A delectable, hand pulled, three colour screen print, taken directly from the EAGLE circuit board layouts for the Arduino Uno (http://arduino.cc/en/Main/ArduinoBoardUno - see arduino-uno-Rev3-reference-design.zip). I am in no way affiliated with the Arduino company, and I am using the word Arduino here, because there is simply no other reasonable way to describe this print.
This is the second in a series of "portraits" of electronic circuits, and the first screen prints offered by Up To Much. The purpose is to remove these elaborate, geometrical designs from their industrial, or functional contexts, and view them as beautiful patterns in their own right.
The Arduino was my introduction to microprocessors, and I am very fond of it as an ecosystem and a community. What the Arduino team have helped accomplish is remarkable and an Arduino compatible board is still at the heart of my PolargraphSD machines.
As a designer and artist who works with electronics all the time as tools, I don't stop marvelling at the commonplace majesty of a handsome circuitboard. The process for making PCBs has been - historically - so similar to this form of printmaking that it suggested itself.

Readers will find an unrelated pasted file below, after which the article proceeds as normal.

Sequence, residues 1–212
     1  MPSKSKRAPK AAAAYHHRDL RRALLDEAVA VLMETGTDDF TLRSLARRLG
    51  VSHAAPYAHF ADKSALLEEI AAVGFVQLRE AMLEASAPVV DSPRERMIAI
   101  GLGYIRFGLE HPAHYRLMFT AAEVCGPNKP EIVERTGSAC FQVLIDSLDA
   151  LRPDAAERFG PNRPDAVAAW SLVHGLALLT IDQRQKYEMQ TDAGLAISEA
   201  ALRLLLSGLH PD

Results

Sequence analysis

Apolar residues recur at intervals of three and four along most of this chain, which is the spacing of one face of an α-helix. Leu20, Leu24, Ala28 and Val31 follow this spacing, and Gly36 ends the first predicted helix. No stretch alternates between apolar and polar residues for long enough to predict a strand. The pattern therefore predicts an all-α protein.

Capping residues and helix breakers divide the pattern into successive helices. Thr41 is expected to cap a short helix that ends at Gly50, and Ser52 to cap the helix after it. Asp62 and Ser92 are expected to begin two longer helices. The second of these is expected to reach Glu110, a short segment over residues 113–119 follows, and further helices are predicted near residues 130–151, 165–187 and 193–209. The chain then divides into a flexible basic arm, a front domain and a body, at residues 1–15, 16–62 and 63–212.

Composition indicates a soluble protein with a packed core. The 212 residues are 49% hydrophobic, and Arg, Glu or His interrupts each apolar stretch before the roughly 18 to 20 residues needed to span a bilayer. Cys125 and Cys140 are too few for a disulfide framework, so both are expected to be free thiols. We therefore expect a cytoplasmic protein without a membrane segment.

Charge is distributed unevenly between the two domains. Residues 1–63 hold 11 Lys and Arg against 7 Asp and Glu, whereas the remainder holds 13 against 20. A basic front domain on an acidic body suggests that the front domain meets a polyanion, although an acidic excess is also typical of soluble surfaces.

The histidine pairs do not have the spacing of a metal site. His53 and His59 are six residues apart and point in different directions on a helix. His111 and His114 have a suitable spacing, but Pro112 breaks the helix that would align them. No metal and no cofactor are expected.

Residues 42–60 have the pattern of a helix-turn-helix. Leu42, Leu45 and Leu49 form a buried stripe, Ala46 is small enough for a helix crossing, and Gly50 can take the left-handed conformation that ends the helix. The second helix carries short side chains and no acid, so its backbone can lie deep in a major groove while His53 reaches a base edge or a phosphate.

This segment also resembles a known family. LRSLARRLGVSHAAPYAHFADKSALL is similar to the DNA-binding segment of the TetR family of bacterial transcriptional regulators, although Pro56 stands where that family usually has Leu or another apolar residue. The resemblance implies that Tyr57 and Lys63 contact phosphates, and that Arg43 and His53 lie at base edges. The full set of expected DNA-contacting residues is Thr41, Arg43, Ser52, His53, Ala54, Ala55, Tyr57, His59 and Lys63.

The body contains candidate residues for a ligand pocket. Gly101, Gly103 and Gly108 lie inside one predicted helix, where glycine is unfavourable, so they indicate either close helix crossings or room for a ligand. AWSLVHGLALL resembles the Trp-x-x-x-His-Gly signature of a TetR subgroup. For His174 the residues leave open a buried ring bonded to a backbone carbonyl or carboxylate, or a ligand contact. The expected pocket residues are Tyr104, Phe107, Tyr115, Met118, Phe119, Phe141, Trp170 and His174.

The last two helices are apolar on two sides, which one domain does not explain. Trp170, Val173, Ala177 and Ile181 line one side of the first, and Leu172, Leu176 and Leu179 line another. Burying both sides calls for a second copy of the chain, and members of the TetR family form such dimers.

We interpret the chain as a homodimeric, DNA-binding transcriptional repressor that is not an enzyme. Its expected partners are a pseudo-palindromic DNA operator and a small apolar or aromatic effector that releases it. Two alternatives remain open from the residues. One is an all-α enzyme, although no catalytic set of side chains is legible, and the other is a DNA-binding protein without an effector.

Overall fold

It allows me to showcase some aspects of the industrial design process that are otherwise entirely hidden, but contain something more than simple engineering rationalism. The most enjoyable circuits literally illustrate the solution to a small design problem - thinking your way out of a corner, and the most impressive pieces are wonderfully balanced expressions of forward thinking.
This listing is for one of a very short edition of only 12 prints. These were all hand pulled on a manual press at Edinburgh Printmaker's Workshop, onto white Somerset Satin paper, with acrylic ink. The colours are bright, and translucent. The blue corresponds to the bottom copper layer, the red to the top copper layer and the gold to the solderable, plated holes and vias that link the layers through the circuit board.
The paper is 28cm x 38cm (11" x 15") but the actual printed area is around 19cm x 28cm (er, 7 1/2" x 11", so it can be displayed with a nice wide border all around. The paper has torn edges.
Alternatively, it fits nicely into the aperture of a 30x40cm IKEA frame with a mat (there's a pic of that). It is signed and numbered as part of the edition.
It will be delivered rolled up in a sturdy shipping tube.
If you have any suggests for particularly handsome, or significant circuit designs you would like to see in the series, please let me know!